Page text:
It's amazing how much can happen in the space of a month. We never really expected Sony to release a PlayStation 4 Slim, but here we are putting Sony's shrunken system through its paces. There are times when the games industry feels like it's moving at a snail's pace, with titles announced eons before they're ever going to release. But the Japanese giant's handling of this diminutive device serves as a reminder of how fast things can move in this competitive market – and to think that the impact would have been more pronounced if the finer details hadn't leaked.

If you'd have asked us four weeks ago whether there'd even be a PS4 Slim, we'd have told you categorically no; days later and we've put one through its paces

As it turns out, unlike previous puny platforms, the PS4 Slim isn't the headline act in Sony's holiday story. Instead, it's a cog in the company's well-maintained marketing machine, as it works to canvas the globe with its fourth console. Designed to partner the more powerful PS4 Pro, this lighter, more efficient appliance aims to occupy a slightly less interesting sector of the market: the more casual space.

Available in a variety of guises and bundles, the PS4 Pro is the cheaper option compared to the aforementioned supercharged system. And for that reason, despite the hardcore interest in the PS4 Pro, it'll probably wind up the better selling of the two platforms when it inevitably hits rock bottom on Black Friday and beyond.

But if the price is right, then what of the product itself? Does it improve upon its parallelogram-shaped predecessor, or does it take a step backwards in an attempt to cut costs? And should this be on your wishlist if you already own an existing PS4 – or should you pick up the Pro? Do check out our PS4 Pro vs PS4 article for a more thorough comparison between the two models, and don't forget to read our PS4 Pro review if you're interested in learning more about that specifically. In this article, though, we're going to specifically review the PS4 Slim.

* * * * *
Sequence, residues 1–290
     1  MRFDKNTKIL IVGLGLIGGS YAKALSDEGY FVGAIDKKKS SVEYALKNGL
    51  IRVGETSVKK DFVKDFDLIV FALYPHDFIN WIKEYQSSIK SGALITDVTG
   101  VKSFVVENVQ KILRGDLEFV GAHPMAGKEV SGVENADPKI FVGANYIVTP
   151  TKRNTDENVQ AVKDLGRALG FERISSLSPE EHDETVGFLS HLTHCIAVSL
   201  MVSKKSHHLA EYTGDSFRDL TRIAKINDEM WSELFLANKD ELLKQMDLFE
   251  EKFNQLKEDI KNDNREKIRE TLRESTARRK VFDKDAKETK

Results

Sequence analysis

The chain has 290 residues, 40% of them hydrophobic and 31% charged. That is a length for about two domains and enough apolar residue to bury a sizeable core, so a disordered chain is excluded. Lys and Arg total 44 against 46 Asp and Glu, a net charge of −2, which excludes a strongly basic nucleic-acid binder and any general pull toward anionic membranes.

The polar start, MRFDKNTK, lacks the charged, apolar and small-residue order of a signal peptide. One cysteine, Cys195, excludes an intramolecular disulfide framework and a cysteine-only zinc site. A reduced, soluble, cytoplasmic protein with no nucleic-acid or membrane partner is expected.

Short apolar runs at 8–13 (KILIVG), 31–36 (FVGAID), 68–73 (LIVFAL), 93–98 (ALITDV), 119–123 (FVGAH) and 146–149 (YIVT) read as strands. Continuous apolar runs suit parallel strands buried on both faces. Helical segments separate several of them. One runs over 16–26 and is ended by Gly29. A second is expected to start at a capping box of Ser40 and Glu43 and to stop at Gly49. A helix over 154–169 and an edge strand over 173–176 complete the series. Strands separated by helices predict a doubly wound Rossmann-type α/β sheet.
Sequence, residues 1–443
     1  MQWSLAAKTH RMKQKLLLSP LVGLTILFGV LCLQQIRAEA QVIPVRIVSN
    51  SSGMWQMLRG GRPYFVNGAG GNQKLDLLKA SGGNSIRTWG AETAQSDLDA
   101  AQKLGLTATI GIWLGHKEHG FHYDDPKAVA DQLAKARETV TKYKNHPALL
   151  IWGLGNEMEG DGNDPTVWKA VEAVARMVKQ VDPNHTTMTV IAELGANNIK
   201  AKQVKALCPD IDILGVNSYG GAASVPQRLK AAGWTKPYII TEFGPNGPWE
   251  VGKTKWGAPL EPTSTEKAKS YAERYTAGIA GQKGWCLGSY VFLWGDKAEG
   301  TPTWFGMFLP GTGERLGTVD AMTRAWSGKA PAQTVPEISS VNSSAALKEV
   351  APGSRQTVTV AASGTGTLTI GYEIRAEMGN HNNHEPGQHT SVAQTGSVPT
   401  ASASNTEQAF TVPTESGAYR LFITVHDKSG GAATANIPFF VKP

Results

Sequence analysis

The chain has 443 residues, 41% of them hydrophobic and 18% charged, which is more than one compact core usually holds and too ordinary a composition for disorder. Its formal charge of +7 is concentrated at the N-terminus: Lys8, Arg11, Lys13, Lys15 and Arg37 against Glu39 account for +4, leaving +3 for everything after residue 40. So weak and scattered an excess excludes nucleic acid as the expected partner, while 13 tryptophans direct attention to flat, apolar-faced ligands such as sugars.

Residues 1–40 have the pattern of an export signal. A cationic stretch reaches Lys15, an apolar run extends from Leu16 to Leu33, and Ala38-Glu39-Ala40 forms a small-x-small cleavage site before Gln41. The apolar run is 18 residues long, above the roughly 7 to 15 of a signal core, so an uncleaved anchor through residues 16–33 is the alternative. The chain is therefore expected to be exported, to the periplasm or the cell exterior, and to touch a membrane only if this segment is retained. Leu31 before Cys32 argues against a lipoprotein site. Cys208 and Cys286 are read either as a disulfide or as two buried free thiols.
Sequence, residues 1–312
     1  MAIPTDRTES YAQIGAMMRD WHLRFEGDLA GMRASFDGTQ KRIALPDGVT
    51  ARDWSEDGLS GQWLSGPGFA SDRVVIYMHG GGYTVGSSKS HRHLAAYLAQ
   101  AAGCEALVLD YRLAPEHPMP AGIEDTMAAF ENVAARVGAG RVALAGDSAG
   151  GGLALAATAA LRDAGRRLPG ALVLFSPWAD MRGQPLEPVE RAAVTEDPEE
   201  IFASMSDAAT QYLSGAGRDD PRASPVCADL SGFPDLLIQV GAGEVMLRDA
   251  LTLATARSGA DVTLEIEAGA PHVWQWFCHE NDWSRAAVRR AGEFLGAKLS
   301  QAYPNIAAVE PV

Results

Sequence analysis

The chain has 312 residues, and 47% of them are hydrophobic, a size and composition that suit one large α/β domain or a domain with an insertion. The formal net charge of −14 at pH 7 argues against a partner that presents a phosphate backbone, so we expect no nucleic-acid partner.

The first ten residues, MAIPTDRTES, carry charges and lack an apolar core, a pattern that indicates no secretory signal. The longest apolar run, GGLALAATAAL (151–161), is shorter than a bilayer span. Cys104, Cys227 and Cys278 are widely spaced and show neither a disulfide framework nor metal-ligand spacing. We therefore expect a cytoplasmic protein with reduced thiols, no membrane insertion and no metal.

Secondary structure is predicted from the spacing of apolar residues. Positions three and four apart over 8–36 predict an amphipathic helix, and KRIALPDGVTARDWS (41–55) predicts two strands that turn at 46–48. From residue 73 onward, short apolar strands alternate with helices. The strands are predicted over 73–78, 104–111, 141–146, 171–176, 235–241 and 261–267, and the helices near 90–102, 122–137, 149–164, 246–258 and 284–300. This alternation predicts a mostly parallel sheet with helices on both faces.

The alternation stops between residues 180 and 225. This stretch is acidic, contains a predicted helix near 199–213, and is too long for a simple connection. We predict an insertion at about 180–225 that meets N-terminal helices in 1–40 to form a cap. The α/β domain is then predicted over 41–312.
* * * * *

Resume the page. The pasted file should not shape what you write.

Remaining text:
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PS4 Slim Review: How Does It Look?

There's no question that the PS4 Slim is the least photogenic PlayStation platform in a long time. The first batch of photographs that leaked revealed an ugly looking slab, with rounded edges and awkward proportions. The reality is that the system is much more attractive when observed first-hand – but it doesn't work overtime to catch your eye. Aside from a single glossy icon located centrally on the top and bottom of the unit, the console is as minimalistic as these kinds of things come – the two-tone surface and searing light strip of the original removed in favour of a more subtle design.

In losing some of flair of the format's first design, it makes up for it with an almost statesman-like simplicity

But that's no bad thing – in fact, its understated looks almost guarantee a flush fit inside any media centre. Its rounded edges are less harsh than the original PS4 model, meaning that it will better complement any additional accessories you have – be they Blu-ray players or satellite boxes – and the removal of almost all shiny surfaces (barring that single logo as alluded to above) means that you can rest easy knowing that your new purchase won't be drawing dust to it like a turbocharged vacuum cleaner.

Despite its simplicity, though, there are little flourishes that catch the eye. The light strip has been re-purposed as a small LED on the power button (which is now a physical toggle alongside eject) while the feet on the base employ PlayStation's iconic symbol shapes – a small but pleasant touch that comes with the added benefit of ensuring that your system doesn't wobble when its stationed lying down.

And contrary to what some would lead you to believe, it does not feel cheap. The chassis is sturdy and the weight – despite being less than that of the original PS4 – has enough heft to it that you feel like you're getting a solid slab of system. It's an all-around quality revision that, in losing some of flair of the format's first design, makes up for it with an almost statesman-like simplicity – it's almost like it knows it's got nothing that it needs to prove anymore.

PS4 Slim Review: What Has Changed?

Attention, then, must turn to what's changed under the hood. And the answer, frankly, is not a lot. This is still the same PS4, running on the same operating system that you'll already be familiar with. The removal of optical output means that it's not a recommended upgrade for those of you with expensive headphones, though a new Wi-Fi chip means that 5GHz wireless bands are available, which may increase connection speeds depending on your setup. It's important to note that your mileage will vary here depending upon your router and its proximity to your console, and subsequently we found that the standard 2.4GHz setting provided us with the best speeds, but the option is at least welcome for those who want it.

The PS4 Slim consumes significantly less power than its predecessor, almost halving the draw